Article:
Even though Teeth was only made in 2007, I can tell that it was from a whole other time period when I see review blurbs labelling it “feminist” in some way. There are no smartphones, no social media, and the main character, Dawn (Jess Weixler) wears baggy bootcut jeans instead of skinny ones.
Our movie begins with toddler Dawn and her slightly older wicked stepbrother Brad sitting in a paddling pool. They hate each other. It’s implied that he reveals himself to her, then when she’s coerced into doing the same, suddenly we cut to his bleeding finger. It’s assumed that she bit him, and then we fast-forward to present day – Dawn’s the goodiest of the goody two-shoes, a good student and an active member of her conservative school’s abstinence club (Why would you need a club for that? Is it the opposite of sex clubs? What does one do at such clubs? Not watch porn together? What are sex clubs, even?). Meanwhile, her stepbrother (John Hensley) is a metal-blasting, tattooed, pierced, Rottweiler-owning, bong-smoking, skank-banging stereotype of a bad son.
Despite that, it’s going well for Dawn until sensitive, soft-spoken new kid Tobey (Hale Appleman) joins the school and the two are immediately attracted to each other. Mindful of their abstinence vows, they gradually develop a friendship, which then goes from tender romantic kindling to full-on assault and rape during a lake swimming trip. And he was such a nice guy. They always are. Luckily for Dawn, the teeth in her vagina that she forgot she had (and used to bite Brother Perv at the start of the movie) promptly/accidentally noms off Tobey’s sexually violent, undeserving cock.
Maybe I should feel awful about this, but this is where the black comedy starts to creep in. The looks on both Dawn’s and Tobey’s faces when they realise his knob’s been munched off (and not in the good way) are priceless, even though the scares and gore are played fairly straight. Things only get darkly funnier when Dawn tries to talk to others about her problem, including her doctor.
With its tone and soundtrack, it feels a little dated (most kids would look up myths on Wikipedia rather than read about it in a book), and most of the supporting characters are one-note, Jekyll and Hyde plot devices – though their turncoat natures aren’t implausible. Stuff like this really happens. Every day.). What is implausible to the point of distracting is Brad’s character. He’s a metal kid stereotype who I can’t imagine would seriously be living in his parents’ house acting the way he does, yet so much screen time is devoted to him without fleshing out his character beyond some douchebag tool of a dick that’s designed to be Dawn’s antagonist, and nothing else.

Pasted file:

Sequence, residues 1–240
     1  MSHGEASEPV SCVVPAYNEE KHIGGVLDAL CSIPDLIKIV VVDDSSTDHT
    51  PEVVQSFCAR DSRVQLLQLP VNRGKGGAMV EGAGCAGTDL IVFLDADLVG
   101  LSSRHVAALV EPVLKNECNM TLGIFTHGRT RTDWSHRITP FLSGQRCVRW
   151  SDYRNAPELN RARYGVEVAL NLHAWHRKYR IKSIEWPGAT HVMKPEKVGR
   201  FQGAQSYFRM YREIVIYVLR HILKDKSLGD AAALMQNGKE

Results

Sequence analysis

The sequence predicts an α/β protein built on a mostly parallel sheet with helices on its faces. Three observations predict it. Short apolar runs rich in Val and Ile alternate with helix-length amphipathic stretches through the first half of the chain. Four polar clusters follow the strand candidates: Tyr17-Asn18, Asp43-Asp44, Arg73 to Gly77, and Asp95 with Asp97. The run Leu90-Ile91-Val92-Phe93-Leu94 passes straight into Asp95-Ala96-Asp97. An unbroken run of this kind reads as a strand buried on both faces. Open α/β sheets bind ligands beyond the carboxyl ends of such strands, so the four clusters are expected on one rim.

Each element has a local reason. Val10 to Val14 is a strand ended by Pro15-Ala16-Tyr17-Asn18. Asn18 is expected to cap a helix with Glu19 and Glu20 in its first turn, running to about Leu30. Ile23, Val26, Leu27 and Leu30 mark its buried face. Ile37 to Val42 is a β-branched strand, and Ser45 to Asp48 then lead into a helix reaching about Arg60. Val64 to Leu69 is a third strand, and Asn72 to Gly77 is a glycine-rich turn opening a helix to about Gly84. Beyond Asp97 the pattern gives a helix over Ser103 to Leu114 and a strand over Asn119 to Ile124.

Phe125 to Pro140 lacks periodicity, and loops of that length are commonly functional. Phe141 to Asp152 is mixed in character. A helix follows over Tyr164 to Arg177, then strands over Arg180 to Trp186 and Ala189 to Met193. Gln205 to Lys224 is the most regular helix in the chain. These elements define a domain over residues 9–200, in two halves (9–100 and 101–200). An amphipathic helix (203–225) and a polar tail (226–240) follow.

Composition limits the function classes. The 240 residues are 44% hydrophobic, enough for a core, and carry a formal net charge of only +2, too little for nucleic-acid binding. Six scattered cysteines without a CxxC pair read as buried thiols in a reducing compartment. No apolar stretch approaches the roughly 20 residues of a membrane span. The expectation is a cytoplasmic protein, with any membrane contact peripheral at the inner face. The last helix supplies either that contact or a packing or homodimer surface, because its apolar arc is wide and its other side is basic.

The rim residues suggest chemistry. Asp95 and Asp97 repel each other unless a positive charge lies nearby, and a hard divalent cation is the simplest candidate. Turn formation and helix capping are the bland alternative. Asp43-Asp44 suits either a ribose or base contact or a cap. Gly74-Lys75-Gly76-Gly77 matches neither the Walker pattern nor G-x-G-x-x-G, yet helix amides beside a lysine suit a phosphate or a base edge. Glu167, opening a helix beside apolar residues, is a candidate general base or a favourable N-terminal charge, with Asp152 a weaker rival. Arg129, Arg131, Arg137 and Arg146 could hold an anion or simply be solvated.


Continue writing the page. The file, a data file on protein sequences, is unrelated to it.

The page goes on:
The plot has a tiny prick of gender equality commentary in a throwaway scene about censorship in biology textbooks, but for the most part it’s a pretty much your standard transmogrification horror with some high school drama attached. Which is a shame, but it’s a short movie, so I suppose there wasn’t much room made for anything else.
I’ve seen some neckbeard complaints about the violence against schlongs in this movie. Funny, considering that said violence is issued towards the type of guys who contribute to a fair few statistics, such as that 1 in 6 American women will be raped in her lifetime, or that 80% of victims knew their rapist, or that 1 in 33 American men have committed rape in their lifetime. Not trying to reverse gender equality or justify the violence, but it helps to have a bit of perspective when making these kinds of complaints willy-nilly.